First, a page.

This manuscript investigates the use of magnetism and ferromagnetic materials in microelectromechanical systems (MEMS) and describes ways to integrate ferromagnetic materials with conventional silicon-based surface micromachining. Surface-microma-chined, batch-fabricated structures that combine plated-nickel and nickel-iron films with polysilicon mechanical flexures, are studied. The microstructures are constructed in a batch-fabrication process that uses electroplating and conventional lithography, materials, and equipment.
We study specifically two prototype magnetically microactuated structures: (1) one consisting of a ferromagnetic plate attached to the substrate via a polysilicon cantilever, and (2) another in which a ferromagnetic plate is held by a pair of beams that a replaced in torsion by magnetic forces. A microactuator consisting of a 400×(47-40)×7μm^3 rectangular plate of NiFe attached to a 400×(0.9-1.4)×2.25μm^3 polysilicon cantilever beam has been moved more than a length of 1.2 mm, rotated through angles exceeding 180°, and actuated with over 0.185 nN-m of torque. A microactuated mirror made from a 430×130×15μm^3 NiFe plate attached to a pair of 400×2.2×2.2μm^3 polysilicon-torsional beams has been rotated more than 90° out of the plane of the wafer and actuated with a torque greater than 3.0 nN-m. Models of the mechanical and magnetic behavior of each microactuator are developed and used to predict its performance. Experimental results confirm the accuracy of the analytical models. The out-of-plane microactuators have applications as microphotonic elements for optical scanners, displays, and fiber-switching devices.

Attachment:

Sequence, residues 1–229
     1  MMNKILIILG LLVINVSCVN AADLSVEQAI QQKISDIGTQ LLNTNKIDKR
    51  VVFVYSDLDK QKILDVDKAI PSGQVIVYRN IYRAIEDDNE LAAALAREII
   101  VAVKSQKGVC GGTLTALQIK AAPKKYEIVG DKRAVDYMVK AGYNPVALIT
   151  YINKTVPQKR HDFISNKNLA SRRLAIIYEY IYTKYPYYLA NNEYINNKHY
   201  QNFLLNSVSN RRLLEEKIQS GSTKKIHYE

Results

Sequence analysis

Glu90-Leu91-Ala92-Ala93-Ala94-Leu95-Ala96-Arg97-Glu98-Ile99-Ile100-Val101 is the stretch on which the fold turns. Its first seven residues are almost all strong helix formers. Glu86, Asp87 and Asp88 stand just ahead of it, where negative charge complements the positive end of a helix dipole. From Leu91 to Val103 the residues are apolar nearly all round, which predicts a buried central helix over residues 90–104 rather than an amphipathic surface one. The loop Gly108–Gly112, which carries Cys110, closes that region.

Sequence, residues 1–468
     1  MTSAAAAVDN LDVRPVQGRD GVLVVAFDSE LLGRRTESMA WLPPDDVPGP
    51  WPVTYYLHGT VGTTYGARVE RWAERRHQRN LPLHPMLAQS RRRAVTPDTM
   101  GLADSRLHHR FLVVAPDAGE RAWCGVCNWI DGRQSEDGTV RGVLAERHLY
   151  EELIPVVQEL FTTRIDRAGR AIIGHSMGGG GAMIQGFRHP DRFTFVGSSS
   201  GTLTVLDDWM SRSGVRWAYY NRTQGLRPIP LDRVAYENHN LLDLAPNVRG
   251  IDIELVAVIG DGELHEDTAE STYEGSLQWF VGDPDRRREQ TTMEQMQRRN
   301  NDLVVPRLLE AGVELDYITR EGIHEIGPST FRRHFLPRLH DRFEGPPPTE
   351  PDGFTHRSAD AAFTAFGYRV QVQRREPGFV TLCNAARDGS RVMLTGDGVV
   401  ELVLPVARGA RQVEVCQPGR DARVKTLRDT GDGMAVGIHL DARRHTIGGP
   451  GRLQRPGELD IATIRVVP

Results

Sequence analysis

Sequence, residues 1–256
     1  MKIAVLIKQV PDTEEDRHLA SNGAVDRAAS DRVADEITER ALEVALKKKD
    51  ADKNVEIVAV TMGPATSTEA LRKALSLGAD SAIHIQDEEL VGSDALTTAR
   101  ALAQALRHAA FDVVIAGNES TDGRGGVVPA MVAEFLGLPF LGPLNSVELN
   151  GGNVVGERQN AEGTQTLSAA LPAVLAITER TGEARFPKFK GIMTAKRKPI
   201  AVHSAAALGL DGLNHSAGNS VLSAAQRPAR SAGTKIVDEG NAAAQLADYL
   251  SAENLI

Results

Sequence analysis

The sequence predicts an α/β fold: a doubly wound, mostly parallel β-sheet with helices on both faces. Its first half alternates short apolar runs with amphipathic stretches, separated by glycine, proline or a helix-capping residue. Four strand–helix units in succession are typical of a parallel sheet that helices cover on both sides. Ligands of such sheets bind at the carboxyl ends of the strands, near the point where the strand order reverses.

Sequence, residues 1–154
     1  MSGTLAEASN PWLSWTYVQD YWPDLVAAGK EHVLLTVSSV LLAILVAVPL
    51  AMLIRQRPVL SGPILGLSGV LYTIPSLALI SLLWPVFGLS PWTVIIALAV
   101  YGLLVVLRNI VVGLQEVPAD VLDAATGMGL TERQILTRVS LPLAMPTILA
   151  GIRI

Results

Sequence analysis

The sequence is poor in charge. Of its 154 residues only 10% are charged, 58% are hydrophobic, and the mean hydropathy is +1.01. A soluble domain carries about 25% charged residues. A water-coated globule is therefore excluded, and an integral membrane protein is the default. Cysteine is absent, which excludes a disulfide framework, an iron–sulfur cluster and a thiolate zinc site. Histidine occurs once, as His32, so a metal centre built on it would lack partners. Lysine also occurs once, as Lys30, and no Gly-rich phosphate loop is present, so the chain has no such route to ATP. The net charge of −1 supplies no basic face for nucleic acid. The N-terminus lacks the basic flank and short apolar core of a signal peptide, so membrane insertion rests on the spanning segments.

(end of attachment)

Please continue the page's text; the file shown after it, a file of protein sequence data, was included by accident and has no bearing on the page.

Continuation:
We also introduce two methods to individually address and control magnetically activated devices: (1) by actuating devices using the magnetic field generated by coils integrated around each device, (2) by using electrostatic forces to clamp selected devices to an insulated ground plane while unclamped devices are freely moved through large out-of-plane excursions by an off-chip magnetic field. A microactuator consisting of a 450×450×5μm^3 plate of NiFe attached to pair of 200×2×2μm^3 polysilicon torsional beams has been rotated more than 45° out of the plane of the wafer by the magnetic field generated by an integrated 10-turn nickel coil carrying a current of 500 mA. Microactuators consisting of 1000×1000×8μm^3 plates of NiFe attached to pairs of 500×15×2μm^3 polysilicon torsional beams have been selectively clamped to the insulated substrate by a 5 V drive while unselected devices are rotated 90° by an external magnetic field of 8 kA/m. Applications for these structures are as addressable micromirrors from an array in a display system or else as individual switches among optical-fiber paths.
October 31, 1996
Judy, J. W. (1996). Batch-fabricated Ferromagnetic Microactuators with Silicon Flexures. United States: University of California, Berkeley.